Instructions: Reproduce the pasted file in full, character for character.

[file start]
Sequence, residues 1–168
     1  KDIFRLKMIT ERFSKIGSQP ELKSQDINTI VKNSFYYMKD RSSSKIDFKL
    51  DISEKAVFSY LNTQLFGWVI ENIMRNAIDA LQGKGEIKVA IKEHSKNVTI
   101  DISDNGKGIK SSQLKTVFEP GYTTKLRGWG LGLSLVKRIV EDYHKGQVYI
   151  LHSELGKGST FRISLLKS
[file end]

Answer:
Sequence, residues 1–168
     1  KDIFRLKMIT ERFSKIGSQP ELKSQDINTI VKNSFYYMKD RSSSKIDFKL
    51  DISEKAVFSY LNTQLFGWVI ENIMRNAIDA LQGKGEIKVA IKEHSKNVTI
   101  DISDNGKGIK SSQLKTVFEP GYTTKLRGWG LGLSLVKRIV EDYHKGQVYI
   151  LHSELGKGST FRISLLKS